Recently, German component suppliers Bosch , Continental Group and ZF have begun to work closely with U.S. technology giants. They are expanding into giant companies by utilizing new technologies related to various components of automobiles. At the Frankfurt Motor Show 2015, this change was very obvious.
German car manufacturers and parts suppliers are keenly aware that digital control technology will become the key to success in the future development of the automotive industry. Whether it is autopilot or connected car, its advanced security system must rely on smart systems or accessories, and these are inseparable from software support.
Digital Technology in Automotive Applications
In fact, U.S. Internet companies also acknowledged the support role of German companies in this area. "The Germans can lead the world in this area," said Google CEO Eric Schmidt. "We are cooperating with some German companies."
German car makers are clearly fast-paced. In August, Audi, BMW, and Daimler jointly acquired Nokiaâ€™s HERE map business for US$2.83 billion to gain control in the future of self-driving cars. It is understood that the German parts suppliers are currently considering investing in HERE with the three car companies in the country.
ZF also completed a generous auto technology deal, demonstrating the enthusiasm of German component suppliers. There are indications that they are taking practical actions to defend their dominant position as suppliers of automotive core components.
Later last year, ZF CEO Stephen Summermer disclosed plans to invest US$12 billion in the purchase of U.S. auto parts supplier Sky Group, which is specialized in the field of braking and safety systems.
Summer's "adventure" move now looks very prescient. Just recently, ten car manufacturers unanimously agreed to use the automatic braking system as a standard for new car safety. In the event of an accident, if the driver does not have time to react, this braking system using cameras, radar sensors and software will automatically stop, thus avoiding collisions.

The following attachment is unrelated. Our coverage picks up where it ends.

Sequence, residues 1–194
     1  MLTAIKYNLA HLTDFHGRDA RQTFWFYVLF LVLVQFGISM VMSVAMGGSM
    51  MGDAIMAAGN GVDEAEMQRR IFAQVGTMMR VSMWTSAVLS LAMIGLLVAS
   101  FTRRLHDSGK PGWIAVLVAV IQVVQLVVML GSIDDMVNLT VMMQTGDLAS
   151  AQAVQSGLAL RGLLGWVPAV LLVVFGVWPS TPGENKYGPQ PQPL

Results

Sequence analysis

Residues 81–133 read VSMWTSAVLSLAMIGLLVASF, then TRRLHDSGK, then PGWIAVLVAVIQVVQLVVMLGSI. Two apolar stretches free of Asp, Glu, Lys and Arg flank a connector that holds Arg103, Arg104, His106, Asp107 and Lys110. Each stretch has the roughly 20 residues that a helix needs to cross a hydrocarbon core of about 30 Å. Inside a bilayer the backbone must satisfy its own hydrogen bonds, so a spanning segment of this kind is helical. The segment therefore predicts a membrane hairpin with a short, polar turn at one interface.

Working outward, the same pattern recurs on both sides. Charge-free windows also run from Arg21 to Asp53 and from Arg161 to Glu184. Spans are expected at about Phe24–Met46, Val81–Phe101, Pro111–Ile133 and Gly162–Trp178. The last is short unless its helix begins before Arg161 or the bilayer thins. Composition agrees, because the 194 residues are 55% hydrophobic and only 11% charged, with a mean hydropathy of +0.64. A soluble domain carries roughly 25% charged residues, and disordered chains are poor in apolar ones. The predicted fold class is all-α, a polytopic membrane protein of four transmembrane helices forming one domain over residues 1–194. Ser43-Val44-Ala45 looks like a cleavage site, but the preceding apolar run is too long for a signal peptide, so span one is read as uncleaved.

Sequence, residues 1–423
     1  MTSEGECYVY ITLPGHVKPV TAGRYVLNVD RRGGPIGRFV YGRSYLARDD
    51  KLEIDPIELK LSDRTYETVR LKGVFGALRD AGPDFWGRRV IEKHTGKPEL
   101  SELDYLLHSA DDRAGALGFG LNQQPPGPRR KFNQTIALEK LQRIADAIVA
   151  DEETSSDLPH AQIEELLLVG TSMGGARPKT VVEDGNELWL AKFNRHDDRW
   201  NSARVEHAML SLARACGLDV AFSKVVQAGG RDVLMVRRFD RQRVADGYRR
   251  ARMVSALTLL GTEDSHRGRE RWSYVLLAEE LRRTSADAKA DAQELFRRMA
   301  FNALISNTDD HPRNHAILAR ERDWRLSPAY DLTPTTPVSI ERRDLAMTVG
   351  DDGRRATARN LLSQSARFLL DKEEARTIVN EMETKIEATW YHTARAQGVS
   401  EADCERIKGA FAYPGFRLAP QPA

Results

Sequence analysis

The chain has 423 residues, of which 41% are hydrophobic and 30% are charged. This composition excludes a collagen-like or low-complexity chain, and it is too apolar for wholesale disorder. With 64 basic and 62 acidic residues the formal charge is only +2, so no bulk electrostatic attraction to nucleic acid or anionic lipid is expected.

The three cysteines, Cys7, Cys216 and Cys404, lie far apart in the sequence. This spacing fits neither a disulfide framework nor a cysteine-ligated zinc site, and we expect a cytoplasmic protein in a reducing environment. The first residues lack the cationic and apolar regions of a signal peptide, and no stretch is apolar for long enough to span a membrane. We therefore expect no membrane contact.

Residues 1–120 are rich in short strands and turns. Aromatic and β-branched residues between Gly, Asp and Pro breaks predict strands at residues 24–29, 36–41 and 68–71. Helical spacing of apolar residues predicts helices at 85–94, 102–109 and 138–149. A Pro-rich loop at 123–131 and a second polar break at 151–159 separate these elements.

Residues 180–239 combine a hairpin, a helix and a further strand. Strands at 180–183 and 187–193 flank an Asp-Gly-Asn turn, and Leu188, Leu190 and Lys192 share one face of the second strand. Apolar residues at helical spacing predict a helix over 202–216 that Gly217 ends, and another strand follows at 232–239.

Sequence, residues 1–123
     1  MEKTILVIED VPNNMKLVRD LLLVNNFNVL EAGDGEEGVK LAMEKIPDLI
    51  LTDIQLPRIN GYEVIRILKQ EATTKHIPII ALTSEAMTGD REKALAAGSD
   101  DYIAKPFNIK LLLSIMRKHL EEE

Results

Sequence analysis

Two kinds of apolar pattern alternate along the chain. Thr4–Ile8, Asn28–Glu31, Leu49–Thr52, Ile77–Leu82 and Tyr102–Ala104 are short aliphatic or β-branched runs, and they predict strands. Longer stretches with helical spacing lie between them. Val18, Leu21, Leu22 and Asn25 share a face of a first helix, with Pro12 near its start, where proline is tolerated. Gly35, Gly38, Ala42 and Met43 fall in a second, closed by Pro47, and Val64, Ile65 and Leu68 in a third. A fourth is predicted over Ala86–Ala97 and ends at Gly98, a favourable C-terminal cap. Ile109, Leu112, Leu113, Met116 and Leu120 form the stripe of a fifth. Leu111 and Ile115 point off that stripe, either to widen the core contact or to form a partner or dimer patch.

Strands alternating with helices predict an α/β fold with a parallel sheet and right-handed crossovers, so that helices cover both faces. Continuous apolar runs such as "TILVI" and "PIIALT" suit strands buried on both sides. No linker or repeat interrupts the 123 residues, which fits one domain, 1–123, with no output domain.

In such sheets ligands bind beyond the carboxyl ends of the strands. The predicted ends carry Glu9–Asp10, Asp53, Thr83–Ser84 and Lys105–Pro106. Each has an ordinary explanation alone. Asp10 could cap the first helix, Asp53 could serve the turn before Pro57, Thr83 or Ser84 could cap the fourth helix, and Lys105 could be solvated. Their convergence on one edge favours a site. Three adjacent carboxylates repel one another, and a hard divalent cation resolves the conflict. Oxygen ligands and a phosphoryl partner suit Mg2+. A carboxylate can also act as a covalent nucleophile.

â€œWe have a leading position in powertrains and transmissions, but we lack driver assistance systems and car safety related technologies,â€ said Summerer. â€œThe TRW Group is complementary to us.â€
Combining the two technologies, ZF has developed a small electric self-driving car. By default, the future of autonomous driving is more likely to occur in the urban environment than on the freeway. "This is precisely why we firmly believe that the future of self-driving cars should be small cars."
In May 2015, Continental acquired Elebit, a Finnish automotive software company, for $680 million. The transaction brought 1900 software programmers to the company. As a tire-building company, mainland China currently has 12,000 software engineers, accounting for more than half of its engineers.
Bosch is the world's largest supplier of automotive parts, followed by Magna, ZF, Continental, and Denso. Although Bosch is famous for automotive spark plugs, it has now become a major manufacturer of radar sensors worldwide, and radar sensors are the â€œeye-catchersâ€ of self-driving cars. The company has developed a system that allows the driver to control the car by remote control outside the vehicle and find a free parking space in the garage or parking lot. Bosch's chip in the sensor comes from Germany's semiconductor giant Infineon Technologies. According to reports, the two sides reached cooperation in power semiconductors in 2009.
Compared with car manufacturers, German parts suppliers seem to be better positioned to benefit from cooperation with Silicon Valley. "Whether our customers are German mainstream car manufacturers, Chinese self-owned car companies, or Apple, our business will not change," said Summerer.
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